Rohloff said: “We have always supported proportionate regulation of the BNPL sector. We need a regime that protects consumers but one that strikes a balance and supports innovation, competition and reflects the lower risk and average purchase size compared to other forms of credit like store cards or credit cards.
“From the very start we have always conducted credit checks and we were the first BNPL to begin sharing data with CRAs too. So we are happy to engage with the government on the next steps to make sure we get the right regulation.”
Is eventual FCA regulation enough?
Although new regulation would increase consumer safety when dealing with the buy now, pay later sector, a feeling that more should, and can, be done remains.
Tom Voaden, head of partnerships at fintech BR-DGE, explains the need for BNPL firms to take the initiative in supporting consumers. Voaden said: “It is clear that consumers need greater support during the cost-of-living crisis.
“Forward-thinking BNPL providers should put their best foot forward and consider what steps they can take to support customers before any regulation takes effect. This could be through adapting their checkout experience to better signpost repayment terms, supporting related consumer education initiatives or working more closely with UK CRAs.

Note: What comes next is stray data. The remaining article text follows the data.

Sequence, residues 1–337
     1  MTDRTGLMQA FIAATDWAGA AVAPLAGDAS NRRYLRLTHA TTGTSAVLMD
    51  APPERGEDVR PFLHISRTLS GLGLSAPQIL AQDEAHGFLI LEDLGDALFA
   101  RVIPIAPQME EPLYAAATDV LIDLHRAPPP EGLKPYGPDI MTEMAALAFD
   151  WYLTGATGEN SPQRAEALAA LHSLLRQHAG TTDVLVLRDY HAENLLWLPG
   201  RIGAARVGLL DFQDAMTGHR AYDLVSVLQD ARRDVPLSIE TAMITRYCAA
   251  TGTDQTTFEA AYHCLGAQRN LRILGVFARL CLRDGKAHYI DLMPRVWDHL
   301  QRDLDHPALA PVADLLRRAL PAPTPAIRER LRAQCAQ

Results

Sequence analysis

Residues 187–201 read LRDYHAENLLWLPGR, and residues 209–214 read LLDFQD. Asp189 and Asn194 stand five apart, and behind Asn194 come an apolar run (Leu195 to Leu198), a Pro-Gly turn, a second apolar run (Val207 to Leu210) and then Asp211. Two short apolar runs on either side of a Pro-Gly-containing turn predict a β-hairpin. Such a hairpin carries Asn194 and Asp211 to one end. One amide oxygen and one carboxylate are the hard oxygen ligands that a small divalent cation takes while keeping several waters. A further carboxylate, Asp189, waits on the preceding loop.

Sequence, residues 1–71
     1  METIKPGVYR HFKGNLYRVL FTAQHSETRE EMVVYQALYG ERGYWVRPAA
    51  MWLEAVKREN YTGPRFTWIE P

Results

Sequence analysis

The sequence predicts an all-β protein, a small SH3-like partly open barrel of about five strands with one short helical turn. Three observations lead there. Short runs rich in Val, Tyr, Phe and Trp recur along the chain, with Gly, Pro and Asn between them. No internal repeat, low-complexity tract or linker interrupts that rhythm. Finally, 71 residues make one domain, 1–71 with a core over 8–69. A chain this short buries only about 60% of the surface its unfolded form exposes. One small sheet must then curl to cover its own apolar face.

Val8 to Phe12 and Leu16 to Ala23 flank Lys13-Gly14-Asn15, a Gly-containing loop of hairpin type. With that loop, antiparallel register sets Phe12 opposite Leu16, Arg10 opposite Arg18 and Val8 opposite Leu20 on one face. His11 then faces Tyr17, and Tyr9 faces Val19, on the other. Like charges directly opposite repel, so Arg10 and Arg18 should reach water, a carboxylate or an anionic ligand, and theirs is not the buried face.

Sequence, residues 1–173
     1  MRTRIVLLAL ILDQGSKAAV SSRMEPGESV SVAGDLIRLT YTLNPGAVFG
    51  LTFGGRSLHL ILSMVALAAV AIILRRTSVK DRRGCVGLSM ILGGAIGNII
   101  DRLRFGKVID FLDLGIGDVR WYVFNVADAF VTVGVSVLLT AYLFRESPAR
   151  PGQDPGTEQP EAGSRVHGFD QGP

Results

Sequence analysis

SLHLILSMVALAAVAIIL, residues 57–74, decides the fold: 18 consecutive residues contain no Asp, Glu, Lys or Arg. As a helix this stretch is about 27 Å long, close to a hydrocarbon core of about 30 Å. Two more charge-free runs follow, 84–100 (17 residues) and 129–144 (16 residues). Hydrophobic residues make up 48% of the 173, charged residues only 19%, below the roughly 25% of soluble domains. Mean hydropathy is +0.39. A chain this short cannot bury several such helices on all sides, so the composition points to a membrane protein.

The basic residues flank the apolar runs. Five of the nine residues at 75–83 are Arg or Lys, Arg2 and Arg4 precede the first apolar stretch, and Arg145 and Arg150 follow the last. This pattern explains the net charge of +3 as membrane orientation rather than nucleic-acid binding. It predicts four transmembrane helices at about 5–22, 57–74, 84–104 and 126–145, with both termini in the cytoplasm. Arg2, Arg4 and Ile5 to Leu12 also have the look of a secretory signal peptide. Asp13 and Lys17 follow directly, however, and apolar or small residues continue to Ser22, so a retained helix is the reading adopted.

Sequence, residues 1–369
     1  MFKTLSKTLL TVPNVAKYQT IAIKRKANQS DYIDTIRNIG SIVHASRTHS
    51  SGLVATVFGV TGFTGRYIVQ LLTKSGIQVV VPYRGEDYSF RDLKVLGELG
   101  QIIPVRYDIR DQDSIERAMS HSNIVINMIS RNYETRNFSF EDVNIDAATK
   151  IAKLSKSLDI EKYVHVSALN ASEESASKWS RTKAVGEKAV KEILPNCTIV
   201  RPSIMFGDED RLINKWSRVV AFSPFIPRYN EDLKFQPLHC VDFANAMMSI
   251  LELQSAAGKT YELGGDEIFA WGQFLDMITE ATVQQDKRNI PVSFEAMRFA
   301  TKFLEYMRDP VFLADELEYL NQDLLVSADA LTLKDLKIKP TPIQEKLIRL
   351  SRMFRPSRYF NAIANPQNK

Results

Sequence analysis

“Market players that take a consumer-first approach will be in a stronger position to navigate their new set of responsibilities and reinforce their credibility in an ever-competitive market.”
Craig Wilson is head of private sector for consulting and digital services company Sopra Steria. Wilson’s views appear to mirror that of Voaden, saying that BNPL platforms have more responsibility – which many have been shirking.
Wilson said: “Despite usage increasing, many consumers don’t understand how these schemes truly work, or that they’re getting themselves into debt in the first place.
“Buy now, pay later platforms, therefore, have a responsibility to educate consumers on the terms and conditions they’re agreeing to, and the potential consequences of using these services.
“We need greater collaboration between the public and private sector, to devise a regulatory framework that constantly keeps consumers front of mind.”
As the government begins introducing BNPL regulation, and as consumers wait months for it to come into effect, lenders may well need to step up to protect them in the meantime.